Tomorrow's Energy Scenarios

Planning Ireland's Energy Future

At EirGrid, one of our roles is to make sure that the electricity transmission grid is ready for the future. To this end, we developed four possible scenarios which consider how electricity may be generated and used years from now - and what this means for the electricity grid of today. We called this "Planning for Ireland’s Energy Future."

Collaboration

A key part of this process was examining a range of ways that energy use may change. We gathered data and worked closely with stakeholders to understand the possible energy futures, and to propose solutions for any problems we found. This allowed us to plan for more than one potential impact, rather than basing our plans on just one assumption. This makes the grid stronger and more flexible.

We worked and collaborated with government departments, government agencies, and energy research groups. In particular, we received strong support from two government departments: The Department of Communications, Climate Action & Environment, and the Department of Jobs, Enterprise & Innovation.

Scenarios

We first published draft scenarios in February 2017 as part of a nine week consultation on our energy future. This nine week consultation ran from February to April. During May and June we analysed the feedback from the consultation, which allowed us to shape the final scenarios published at the end of July.

Each scenario describes a different possible future for the generation and consumption of electricity out to 2040.

You can read our final consultation report here and the accompanying summary report here.

Renewable electricity generation maintains a steady pace of growth. This is due to steady improvements in the economy, and in the technologies which generate electricity.  New household technologies help to make electricity consumers more energy aware. This increases energy efficiency in homes and businesses. Over time, electricity consumers gradually begin to make greater use of electric vehicles and heat pumps. This means that, over time, electricity powers a larger proportion of transportation and heating.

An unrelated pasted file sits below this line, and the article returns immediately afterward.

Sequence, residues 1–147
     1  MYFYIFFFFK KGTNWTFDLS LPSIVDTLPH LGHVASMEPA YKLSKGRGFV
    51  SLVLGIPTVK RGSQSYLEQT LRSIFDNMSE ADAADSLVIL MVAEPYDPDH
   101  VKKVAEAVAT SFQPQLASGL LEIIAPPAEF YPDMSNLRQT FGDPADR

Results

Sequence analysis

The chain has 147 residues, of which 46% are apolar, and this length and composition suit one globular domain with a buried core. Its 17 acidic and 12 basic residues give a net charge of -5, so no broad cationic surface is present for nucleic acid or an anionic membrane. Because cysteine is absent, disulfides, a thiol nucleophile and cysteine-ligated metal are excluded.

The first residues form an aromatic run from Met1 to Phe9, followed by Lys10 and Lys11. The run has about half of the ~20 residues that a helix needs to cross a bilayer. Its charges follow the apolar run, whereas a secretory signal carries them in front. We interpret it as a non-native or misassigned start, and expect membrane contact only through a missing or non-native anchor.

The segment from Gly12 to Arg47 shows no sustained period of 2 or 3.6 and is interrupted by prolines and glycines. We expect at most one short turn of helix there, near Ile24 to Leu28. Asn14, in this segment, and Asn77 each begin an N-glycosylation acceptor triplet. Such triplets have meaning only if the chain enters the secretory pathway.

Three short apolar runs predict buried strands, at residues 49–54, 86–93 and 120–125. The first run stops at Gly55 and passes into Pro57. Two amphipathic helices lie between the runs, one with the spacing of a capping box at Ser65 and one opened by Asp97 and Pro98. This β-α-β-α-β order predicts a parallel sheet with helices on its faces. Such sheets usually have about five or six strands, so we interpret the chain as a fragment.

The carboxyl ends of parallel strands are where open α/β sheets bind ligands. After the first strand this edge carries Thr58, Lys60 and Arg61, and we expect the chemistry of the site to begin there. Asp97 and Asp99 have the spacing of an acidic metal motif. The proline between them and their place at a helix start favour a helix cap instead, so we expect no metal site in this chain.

The economy experiences very slow growth. Investment in new renewable generation is only in established, low risk technologies. Due to poor economic growth, new technologies that could increase the use of renewable generation at household and large scale levels are not adopted. Overall there is little change in the way electricity is generated when compared to today. Domestic consumers and commercial users are also avoiding risk and uncertainty. The only source of demand growth is the connection of new data centres but the level of investment slows down significantly after 2025.

The economy enjoys high economic growth. This encourages the creation and rollout of new technologies for low carbon electricity generation. There is strong public demand to reduce greenhouse gas emissions. In addition to high carbon prices and incentives for renewables, this creates a high level of renewable generation on the grid. This clean energy then combines with improvements to broadband and transport to drive growth in large data centres.

A strong economy leads to high levels of consumer spending ability. The public want to reduce greenhouse gas emissions. Electricity consumers enthusiastically limit their energy use and generate their own energy. This results in a large number of community led energy projects and a rapid adoption of electric vehicles and heat pumps in the home.

Continuing the Conversation

In autumn 2017, we will be publishing ‘Tomorrow’s Energy Scenarios 2017 Locational Information Paper’ to provide more information on our locational assumptions for future electricity demand and supply.

If you have any queries in relation to our Tomorrow’s Energy Scenarios 2017 publication please contact scenarios@eirgrid.com.